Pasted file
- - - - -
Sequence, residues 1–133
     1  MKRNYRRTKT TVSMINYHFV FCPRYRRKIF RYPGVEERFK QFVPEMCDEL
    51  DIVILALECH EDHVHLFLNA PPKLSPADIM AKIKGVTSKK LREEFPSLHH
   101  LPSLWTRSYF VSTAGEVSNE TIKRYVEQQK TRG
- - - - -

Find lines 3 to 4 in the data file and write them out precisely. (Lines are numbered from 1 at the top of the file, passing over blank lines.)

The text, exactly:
    51  DIVILALECH EDHVHLFLNA PPKLSPADIM AKIKGVTSKK LREEFPSLHH
   101  LPSLWTRSYF VSTAGEVSNE TIKRYVEQQK TRG